Friday, March 19, 2010

Theater review: 'In the Heights' electrifies at Broward Center

Kyle Beltran in In the Heights. (Photo by Joan Marcus)


By Hap Erstein

It is ironic how much electricity courses through every minute of In the Heights, and yet the Tony-winning musical’s story turns on a power outage.

In early 2008, a major new voice of the musical theater, composer-lyricist Lin-Manuel Miranda, staked his claim on a piece of Broadway with his salsa-flavored show, a slice-of-life in New York’s Washington Heights. Merging Latin rhythms with hip-hop and the traditional sounds of Broadway, he tells a character-driven tale of so many dreams in this ethnic neighborhood in transition.

Like the stage manager of a reinvigorated Our Town, corner convenience store owner Usnavi (originated by Miranda and played at the Broward Center in this vigorous, nimble touring production by Kyle Beltran) introduces us to the denizens of this barrio in the shadow of the George Washington Bridge.

There is Nina (Arielle Jacobs), the collective hope of the community, who got accepted at Stanford, but could not handle the demands of college and returns home a dropout. There is Vanessa, Usnavi’s romantic interest, though he cannot quite bring himself to tell her how he feels. She, too, is trying to break out of the neighborhood and to move downtown, but lacks the means and credit score to do so.

There are the beauty salon ladies, also packed to move on, while Usnavi and his abuela Claudia, the woman who raised him, yearn to go back to their homeland in the Dominican Republic.

The script by Quiara Alegria Hudes juggles these story lines well, though the cumulative effect and the tidy resolutions seem too telenovela. Still, these characters are easy to emphasize with and we soon become invested in their plights, however sketchy they may be.

Miranda gives them each a spotlighted solo to express their yearnings, while choreographer Andy Blankenbuehler never lets them stand still long, and they rarely walk when they could just as easily dance. His sensuous movements combined with the sinuous melodies prove remarkably infectious.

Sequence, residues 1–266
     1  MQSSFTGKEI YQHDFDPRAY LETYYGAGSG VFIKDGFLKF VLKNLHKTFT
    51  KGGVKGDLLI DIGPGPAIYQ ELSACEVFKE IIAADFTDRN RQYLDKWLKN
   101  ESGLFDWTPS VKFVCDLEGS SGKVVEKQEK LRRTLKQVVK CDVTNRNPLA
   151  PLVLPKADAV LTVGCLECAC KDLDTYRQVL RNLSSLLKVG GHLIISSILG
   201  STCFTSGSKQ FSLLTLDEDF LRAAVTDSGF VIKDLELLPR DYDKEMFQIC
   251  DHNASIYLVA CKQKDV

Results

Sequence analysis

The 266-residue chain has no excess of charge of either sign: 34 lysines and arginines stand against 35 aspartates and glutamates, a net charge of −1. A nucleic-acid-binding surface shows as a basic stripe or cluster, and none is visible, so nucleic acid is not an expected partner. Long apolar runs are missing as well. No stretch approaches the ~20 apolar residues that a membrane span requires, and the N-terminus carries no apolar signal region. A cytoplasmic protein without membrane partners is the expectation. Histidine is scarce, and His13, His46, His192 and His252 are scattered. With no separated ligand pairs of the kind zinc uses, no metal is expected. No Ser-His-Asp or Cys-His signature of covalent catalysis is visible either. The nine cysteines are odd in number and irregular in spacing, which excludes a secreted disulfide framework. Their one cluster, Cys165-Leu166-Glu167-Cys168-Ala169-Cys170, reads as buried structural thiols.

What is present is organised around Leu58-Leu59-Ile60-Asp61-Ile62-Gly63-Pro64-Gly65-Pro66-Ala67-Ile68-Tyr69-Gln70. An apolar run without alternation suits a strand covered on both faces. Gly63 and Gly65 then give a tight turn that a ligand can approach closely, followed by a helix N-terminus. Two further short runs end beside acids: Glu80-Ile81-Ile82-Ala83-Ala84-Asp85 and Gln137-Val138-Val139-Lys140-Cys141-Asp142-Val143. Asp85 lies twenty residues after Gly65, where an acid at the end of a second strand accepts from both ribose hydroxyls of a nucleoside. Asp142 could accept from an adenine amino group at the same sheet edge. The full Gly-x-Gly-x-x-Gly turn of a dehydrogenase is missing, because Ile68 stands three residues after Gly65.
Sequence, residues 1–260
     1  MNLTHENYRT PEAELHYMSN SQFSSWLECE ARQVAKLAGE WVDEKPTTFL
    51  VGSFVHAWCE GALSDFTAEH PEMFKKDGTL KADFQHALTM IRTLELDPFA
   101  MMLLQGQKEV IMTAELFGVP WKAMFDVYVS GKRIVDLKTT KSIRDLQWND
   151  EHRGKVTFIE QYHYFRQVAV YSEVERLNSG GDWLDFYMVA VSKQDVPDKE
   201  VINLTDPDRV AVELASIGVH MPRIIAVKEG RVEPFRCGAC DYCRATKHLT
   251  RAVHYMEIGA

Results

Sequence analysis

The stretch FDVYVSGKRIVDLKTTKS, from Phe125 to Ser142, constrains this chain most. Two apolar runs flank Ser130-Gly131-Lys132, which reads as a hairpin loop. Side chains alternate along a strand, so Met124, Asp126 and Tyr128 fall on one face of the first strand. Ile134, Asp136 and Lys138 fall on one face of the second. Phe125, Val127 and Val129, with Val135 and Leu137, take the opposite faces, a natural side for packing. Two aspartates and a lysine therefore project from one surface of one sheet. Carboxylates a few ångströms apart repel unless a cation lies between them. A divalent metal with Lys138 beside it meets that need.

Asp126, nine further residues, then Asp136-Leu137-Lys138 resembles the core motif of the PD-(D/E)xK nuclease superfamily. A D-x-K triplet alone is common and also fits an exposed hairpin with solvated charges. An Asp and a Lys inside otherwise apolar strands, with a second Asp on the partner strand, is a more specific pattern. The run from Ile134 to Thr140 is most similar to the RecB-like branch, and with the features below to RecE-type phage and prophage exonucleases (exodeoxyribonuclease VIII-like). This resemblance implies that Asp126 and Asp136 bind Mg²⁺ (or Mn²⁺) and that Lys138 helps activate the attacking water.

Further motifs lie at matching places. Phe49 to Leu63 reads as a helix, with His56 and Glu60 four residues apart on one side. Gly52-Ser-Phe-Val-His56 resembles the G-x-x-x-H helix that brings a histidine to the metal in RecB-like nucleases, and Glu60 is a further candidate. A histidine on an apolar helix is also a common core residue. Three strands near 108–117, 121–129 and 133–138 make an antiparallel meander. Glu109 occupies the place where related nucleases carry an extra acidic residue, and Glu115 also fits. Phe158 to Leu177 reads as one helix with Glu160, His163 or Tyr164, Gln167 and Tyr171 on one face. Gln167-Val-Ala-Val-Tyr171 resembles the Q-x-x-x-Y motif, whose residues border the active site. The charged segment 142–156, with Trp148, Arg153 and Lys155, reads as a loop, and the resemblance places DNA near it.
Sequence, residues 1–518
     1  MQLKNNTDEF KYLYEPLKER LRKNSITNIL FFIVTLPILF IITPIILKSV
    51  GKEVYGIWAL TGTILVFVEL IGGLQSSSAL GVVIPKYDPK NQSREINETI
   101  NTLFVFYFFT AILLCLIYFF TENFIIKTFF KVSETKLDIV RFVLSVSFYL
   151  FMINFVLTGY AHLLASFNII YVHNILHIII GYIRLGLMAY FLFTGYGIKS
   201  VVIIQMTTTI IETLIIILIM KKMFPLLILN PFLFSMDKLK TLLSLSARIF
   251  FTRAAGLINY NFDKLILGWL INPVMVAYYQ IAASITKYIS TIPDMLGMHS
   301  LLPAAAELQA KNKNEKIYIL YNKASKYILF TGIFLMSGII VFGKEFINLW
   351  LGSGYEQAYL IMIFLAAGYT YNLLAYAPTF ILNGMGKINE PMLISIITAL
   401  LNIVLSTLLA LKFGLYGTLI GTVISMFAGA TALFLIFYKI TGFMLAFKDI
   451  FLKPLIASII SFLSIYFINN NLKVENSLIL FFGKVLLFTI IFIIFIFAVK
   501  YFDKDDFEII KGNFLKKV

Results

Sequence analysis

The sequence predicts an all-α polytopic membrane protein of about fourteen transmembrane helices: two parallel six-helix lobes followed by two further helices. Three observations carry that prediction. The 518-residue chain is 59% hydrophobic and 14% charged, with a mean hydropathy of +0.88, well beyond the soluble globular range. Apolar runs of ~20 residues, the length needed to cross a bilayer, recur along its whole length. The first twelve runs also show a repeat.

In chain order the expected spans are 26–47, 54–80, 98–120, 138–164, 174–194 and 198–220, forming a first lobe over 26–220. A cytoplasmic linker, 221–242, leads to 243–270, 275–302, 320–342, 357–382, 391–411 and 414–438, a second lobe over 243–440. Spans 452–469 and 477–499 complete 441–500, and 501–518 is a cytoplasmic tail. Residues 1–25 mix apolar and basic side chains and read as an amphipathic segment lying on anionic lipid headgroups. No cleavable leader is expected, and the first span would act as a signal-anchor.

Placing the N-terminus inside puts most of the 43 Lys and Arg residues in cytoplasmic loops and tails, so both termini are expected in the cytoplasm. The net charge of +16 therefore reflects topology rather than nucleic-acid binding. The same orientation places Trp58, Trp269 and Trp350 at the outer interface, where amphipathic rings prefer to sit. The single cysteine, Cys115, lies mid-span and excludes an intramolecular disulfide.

Miranda, who went on to write new Spanish lyrics for Broadway’s current West Side Story revival, opens In the Heights with a rapping tour of the neighborhood that hooks us with his buoyant, if occasionally errant, rhymes. The tunes keep tumbling out all evening, from the pulsing 96,000 --- the potentially problem solving amount that someone has won with a lottery ticket bought in Usnavi’s store, to the explosive club dance music that pierces the night just before the Fourth of July eve power failure and even the sprightly song of the piragua (snow cone) vendor who “keeps scraping by.”

Sabrina Sloan, Isabel Santiago, Arielle Jacobs
and Genny Lis Padilla in In the Heights.
(Photo by Janet Macoska)

Director Thomas Kail, who made his Broadway debut with In the Heights like so much of the creative team, has a vibrant cast that is on par with the original company and very similar in physical appearance. Beltran may not be quite as charismatic as Miranda, but he has a musical, sing-song voice and an open, inviting spirit.

Jacobs is a cool beauty who opens up her heart to us very winningly, Elise Santora (Abuela Claudia) has a surprisingly strong voice for a little woman, and Shaun Taylor-Corbett has personality to spare as ambitious young Sonny, the bodega go-fer.

It is rare enough to encounter an original story in a Broadway musical these days, or at least one that is not a slavish remake of a popular movie. In the Heights has plenty of antecedents and influences, but it feels fresh, and it introduces in Miranda a talent that should be around for a long time to come.

IN THE HEIGHTS, Broward Center, 201 S.W. Fifth Ave., Fort Lauderdale. Continuing through Sunday, March 28. Tickets: $23-$72. Call: (954) 462-0222.

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